UNICEF supports the health and nutrition activities of the Ministry of Public Health and Population (MSPP) in several areas across the country. Thanks to the financial support of the World Bank, UNICEF has been able to intervene in the departments of the South, Grand’Anse and Nippes. Vaccination is a fundamental component of UNICEF’s health programme for communities affected by Hurricane Matthew.
Camp-Perrin, 18 December 2018 – The health center of Camp-Perrin (South Department) is far from crowded as most women are at the local market. Nevertheless, several mothers are sitting with their children awaiting vaccination. Among them, Alexandra D., 27 years old, is holding her 11-month-old daughter Saila in her arms. The center offers several types of vaccines: BCG, Pneumococcus, Anti rotavirus, Pentavalent, among others.
Alexandra D. is not used to coming to this center. She lives in Duchity, a two-hour motorcycle ride from Camp Perrin. The journey is almost impossible on foot because the distance is too long. “The nurse in charge of vaccination was not available so I had to come to Camp-Perrin to get my daughter vaccinated,” she says.
“It’s important to vaccinate children to protect them from disease. This offers protection against microbes. I never fail to do it for my daughter, “she continues.
In these vulnerable communities, the support of UNICEF and its partners ensures free health care, which is a relief for the inhabitants.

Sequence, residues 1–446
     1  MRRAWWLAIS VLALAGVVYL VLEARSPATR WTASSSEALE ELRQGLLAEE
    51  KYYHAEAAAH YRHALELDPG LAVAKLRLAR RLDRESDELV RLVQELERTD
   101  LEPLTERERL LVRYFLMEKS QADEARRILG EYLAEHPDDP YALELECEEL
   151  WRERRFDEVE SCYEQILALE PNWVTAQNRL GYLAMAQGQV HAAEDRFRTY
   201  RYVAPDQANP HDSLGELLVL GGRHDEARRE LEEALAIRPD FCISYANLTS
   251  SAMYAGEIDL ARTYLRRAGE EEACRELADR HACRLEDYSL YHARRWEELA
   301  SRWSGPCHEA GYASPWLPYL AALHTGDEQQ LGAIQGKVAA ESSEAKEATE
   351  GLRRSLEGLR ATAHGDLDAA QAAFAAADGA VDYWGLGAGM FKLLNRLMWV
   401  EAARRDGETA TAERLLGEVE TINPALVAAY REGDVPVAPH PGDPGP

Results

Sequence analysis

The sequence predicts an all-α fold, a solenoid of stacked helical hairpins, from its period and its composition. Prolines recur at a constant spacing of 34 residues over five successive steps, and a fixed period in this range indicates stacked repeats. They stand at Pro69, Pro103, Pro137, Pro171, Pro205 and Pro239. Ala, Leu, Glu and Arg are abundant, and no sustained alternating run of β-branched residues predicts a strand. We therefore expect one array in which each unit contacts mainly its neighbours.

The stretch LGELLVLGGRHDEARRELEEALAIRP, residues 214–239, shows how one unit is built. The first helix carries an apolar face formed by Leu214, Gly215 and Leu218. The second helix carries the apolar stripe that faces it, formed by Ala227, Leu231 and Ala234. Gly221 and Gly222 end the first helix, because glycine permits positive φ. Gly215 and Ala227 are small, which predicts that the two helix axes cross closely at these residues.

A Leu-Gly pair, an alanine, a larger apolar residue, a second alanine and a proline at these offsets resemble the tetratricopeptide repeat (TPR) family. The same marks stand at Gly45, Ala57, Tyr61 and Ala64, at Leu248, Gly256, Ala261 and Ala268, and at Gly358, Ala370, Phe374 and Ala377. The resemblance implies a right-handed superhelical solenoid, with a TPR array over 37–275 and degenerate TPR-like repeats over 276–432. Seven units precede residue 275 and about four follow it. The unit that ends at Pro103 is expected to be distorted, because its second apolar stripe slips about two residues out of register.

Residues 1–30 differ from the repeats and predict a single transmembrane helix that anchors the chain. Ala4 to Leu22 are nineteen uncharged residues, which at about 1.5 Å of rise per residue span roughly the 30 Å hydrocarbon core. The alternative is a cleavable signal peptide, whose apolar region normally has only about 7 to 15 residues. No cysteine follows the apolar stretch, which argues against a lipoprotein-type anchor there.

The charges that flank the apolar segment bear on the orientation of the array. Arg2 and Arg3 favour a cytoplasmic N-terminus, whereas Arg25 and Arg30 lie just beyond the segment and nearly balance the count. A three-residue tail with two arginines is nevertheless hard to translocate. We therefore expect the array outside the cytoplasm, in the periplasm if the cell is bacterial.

The nurse also detected moderate malnutrition in the child and therefore prescribed nutritional supplements. Alexandra does not work; the father of her daughter lives in Port-au-Prince, and sends money but it is not enough. She does not know if she can afford to bring her daughter for the next appointment.
The nurse Yvanne Amazan, in charge of the vaccination-nutrition service, lives in Les Cayes. She goes to Camp-Perrin every morning. In addition to vaccination, the center offers several other services: emergencies, nutrition, pharmacy, laboratory work.
“The attendance rate of the center is around 75% for the commune of Camp-Perrin; this center receives the most children for vaccination. However, last year the rate was 60%. It is thanks to the awareness and community mobilization of community-based health workers that many more mothers come to vaccinate their children, “she says.
Ms. Amazan explains that parents come to the center on workdays but Wednesday is the day with the most attendance because the center administers the BCG and RR vaccine in addition to the other usual vaccines.
A project with multiple components
“We thank the World Bank for this generous contribution. It has strengthened our actions and allowed us to maintain a continued presence on the ground. Together with our partners and in support of the Ministry of Health, the interventions have helped improve the health of children and families, “said Maria Luisa Fornara, UNICEF Representative in Haiti.
The donation from the World Bank has helped fund several health activities in southern departments hit by Hurricane Matthew.
UNICEF’s key response was provided by mobile clinics to increase access to hard-to-reach populations and provide a comprehensive package of services including nutrition, micronutrient supplementation, immunization, prevention diarrheal and respiratory diseases, health services for women of childbearing age and pregnant women, essential neonatal care, the promotion of health services, as well as information to prevent the most common preventable diseases and STIs / HIV.